By Jackie Demaline
Enquirer staff writer
Hamilton's High Street looks like a lot of other main streets in small American cities ravaged by the loss of manufacturing and retail during the 1990s.
There's a stately courthouse with a sprawling lawn, banks, offices and a modern Government Services Center, but there's something shopworn about it all.
The city shows the effects of a population that's trickling away, from just over 63,000 in 1980 to just over 60,000 in 2000.
On a sunny summer weekday morning, there aren't many people on the sidewalks. And the few who are hanging around are frozen in time. Literally.
What sets Hamilton's High Street apart from any other Main Street U.S.A. is that if you're strolling it, you'll see sculpture, lots of it. Most are friendly, life-sized figures, including 20 recently installed lifelike pieces from realist J. Seward Johnson Jr.
After a limp attempt at reviving its fortunes several years ago by adding an exclamation point to the end of Hamilton!, some citizens have focused their sights on transforming the down-on-its-luck city into Ohio's "City of Sculpture."
The city hasn't officially adopted the slogan yet, but this small band of volunteers hopes that, too, will change, along with some commonly held notions about uses of public art. "The average person is not going to be able to avoid sculpture," board member and architect Michael Dingeldein says with satisfaction.
In August, the City of Sculpture will mark its fourth anniversary and things are moving so fast, "it's hard to keep the Web site up to date," says Dingeldein.
Next month's installation of a 13-foot bronze statue of city namesake Alexander Hamilton by Kristen Visbal will bring the number of works on permanent display to 19 in about a three-square-block section of downtown. Now through September, that number is more than doubled with a temporary exhibit of 20 life-size "everyday people" sculptures by Johnson.
"Our phone lines are hot," says Gerry Hammond, City of Sculpture's founding board president.
Individuals and institutions are stepping forward with grants and donations, ready to add more works to the landscape in the hopes of forging a new artistic industry. To date, the City of Sculpture organization, private funders and such unlikely arts patrons as the local fire and police departments have raised more than $1.5 million to buy the 19 sculptures adorning the streets.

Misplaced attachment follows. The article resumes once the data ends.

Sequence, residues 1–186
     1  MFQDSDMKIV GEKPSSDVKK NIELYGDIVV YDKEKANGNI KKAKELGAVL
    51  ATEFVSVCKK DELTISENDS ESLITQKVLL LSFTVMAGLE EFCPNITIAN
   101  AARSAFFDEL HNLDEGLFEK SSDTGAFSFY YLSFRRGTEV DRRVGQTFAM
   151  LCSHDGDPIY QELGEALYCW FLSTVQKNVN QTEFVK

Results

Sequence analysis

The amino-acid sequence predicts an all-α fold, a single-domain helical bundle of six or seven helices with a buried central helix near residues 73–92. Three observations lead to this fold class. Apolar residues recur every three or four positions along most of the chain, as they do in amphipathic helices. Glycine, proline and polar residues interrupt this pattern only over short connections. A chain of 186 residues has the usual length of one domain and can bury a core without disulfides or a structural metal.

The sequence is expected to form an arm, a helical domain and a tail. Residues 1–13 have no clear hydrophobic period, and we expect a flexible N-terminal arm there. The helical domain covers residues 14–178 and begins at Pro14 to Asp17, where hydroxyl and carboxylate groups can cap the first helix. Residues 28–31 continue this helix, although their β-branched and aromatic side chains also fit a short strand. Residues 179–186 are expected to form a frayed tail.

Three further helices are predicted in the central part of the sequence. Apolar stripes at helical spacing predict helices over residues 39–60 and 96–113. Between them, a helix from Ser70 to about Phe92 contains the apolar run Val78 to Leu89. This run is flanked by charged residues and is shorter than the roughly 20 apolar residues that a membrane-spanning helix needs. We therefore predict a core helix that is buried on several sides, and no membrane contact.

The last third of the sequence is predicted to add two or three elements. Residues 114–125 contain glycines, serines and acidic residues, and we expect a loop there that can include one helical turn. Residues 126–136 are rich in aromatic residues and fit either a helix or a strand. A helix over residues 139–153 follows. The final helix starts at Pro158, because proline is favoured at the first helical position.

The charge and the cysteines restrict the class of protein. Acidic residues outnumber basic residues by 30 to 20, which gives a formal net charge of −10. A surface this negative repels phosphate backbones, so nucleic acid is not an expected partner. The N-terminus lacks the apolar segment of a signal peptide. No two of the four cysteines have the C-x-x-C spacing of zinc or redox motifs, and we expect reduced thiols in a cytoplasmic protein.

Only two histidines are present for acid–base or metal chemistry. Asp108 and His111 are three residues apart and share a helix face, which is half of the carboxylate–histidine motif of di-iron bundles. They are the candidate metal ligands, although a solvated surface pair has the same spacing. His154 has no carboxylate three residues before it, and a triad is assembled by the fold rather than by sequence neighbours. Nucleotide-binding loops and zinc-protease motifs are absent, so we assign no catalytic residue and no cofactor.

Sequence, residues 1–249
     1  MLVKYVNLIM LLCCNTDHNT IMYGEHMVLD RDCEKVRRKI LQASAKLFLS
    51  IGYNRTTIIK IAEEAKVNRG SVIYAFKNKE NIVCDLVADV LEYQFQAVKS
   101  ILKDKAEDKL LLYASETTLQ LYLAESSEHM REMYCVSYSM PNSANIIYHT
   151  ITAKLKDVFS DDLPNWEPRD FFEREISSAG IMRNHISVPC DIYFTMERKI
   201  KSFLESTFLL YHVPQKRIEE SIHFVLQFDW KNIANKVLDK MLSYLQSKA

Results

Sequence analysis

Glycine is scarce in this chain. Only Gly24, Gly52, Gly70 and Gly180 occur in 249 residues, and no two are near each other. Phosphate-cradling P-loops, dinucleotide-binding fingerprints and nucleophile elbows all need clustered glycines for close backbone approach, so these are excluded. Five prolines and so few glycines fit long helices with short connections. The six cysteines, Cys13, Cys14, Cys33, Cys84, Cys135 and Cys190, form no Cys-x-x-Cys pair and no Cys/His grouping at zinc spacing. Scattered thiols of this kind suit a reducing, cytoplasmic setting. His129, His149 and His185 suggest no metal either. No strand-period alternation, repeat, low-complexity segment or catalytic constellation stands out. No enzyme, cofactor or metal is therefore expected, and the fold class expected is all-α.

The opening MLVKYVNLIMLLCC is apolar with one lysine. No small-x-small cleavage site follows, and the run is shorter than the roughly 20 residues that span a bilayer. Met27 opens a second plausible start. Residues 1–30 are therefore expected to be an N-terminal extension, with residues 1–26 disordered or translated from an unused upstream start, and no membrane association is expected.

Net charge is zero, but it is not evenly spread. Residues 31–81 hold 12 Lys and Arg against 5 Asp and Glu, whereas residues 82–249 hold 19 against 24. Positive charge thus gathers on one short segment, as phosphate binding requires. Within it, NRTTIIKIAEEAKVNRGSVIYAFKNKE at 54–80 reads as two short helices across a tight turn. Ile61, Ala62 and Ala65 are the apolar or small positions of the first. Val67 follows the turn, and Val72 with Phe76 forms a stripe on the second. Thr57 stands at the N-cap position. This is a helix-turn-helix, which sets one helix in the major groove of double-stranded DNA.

'Safe Capital' gets face-lift
At the turn of the century, Hamilton was a manufacturing stronghold, known as "The Safe Capital of the World."
Mosler Safe Co. built the vault for Fort Knox and safes that held the Declaration of Independence, the U.S. Constitution and the Bill of Rights. One of its safes withstood the atomic bomb at Hiroshima, but Mosler and several other safe companies couldn't withstand the changing U.S. economy.
By the end of the '90s, Champion and several other paper companies were casualties, either downsized or shuttered, and Hamilton had lost its manufacturing muscle.
Downtown was nearly deserted.
The idea of sculpture caught on, says Hammond, "because it was something positive."
It was Harry Wilks, businessman and mastermind of Pyramid Hill Sculpture Park (the 265-acre park adjacent to Hamilton) who invited city officials to lunch in 1999 and pitched the idea of using the City of Sculpture tag to brand Hamilton as a destination, "before somebody else grabs the idea," he says.
And it's Wilks' Pyramid Hill that gives the idea of "Sculpturetown" legitimacy, with more than 50 contemporary monumental works by well-known and midcareer artists set in rolling parkland.
With a promise of no cost, the city officials bought in, and Wilks - busy running Pyramid Hill - tapped locals to staff the organization and talked retired schoolteacher Hammond into taking a leadership role.
Hammond didn't start out an arts advocate, but thought "it was a great idea. I was born and raised in Hamilton and watched it change from a community everybody admired to one that might be dying. My father was a director of health and of recreation for the City of Hamilton and he taught us that we are supposed to give back to the community we live in," Hammond adds. "I want to have an impact and Hamilton is small enough that I can."
Among their first acts, Hammond says with a laugh, was convincing the county commission to buy the first sculpture, placed in front of the County Administration Building. The funds were provided by the State of Ohio's Percent for Art program, which funnels a percentage of construction costs to public art, one of the many creative sources Hammond and company have found to fund their endeavor.
The commissioners wanted something non-controversial, and the choice was "Snapshot," a life-size bronze by Jane DeDecker which depicts a group of seven kids having their picture taken.
When the state of Ohio officially recognized the City of Sculpture, the occasion was marked by the unveiling of the still-controversial, 66-foot "Hamilton Gateway." The City of Sculpture office opened a few weeks later.
The abstract portal references significant aspects of the community's life, including the Great Flood of 1913. Part of its main tower is made of weathered steel and many city residents are incensed because it appears to be rusting.
People have been known to say, current board president Trudy Marcum winces, that the money to pay for it would have been put to better use filling potholes. Resident Laila Masannat went a step further when asked if the sculptures might help make a difference downtown. "To be honest," she says, "I don't think so."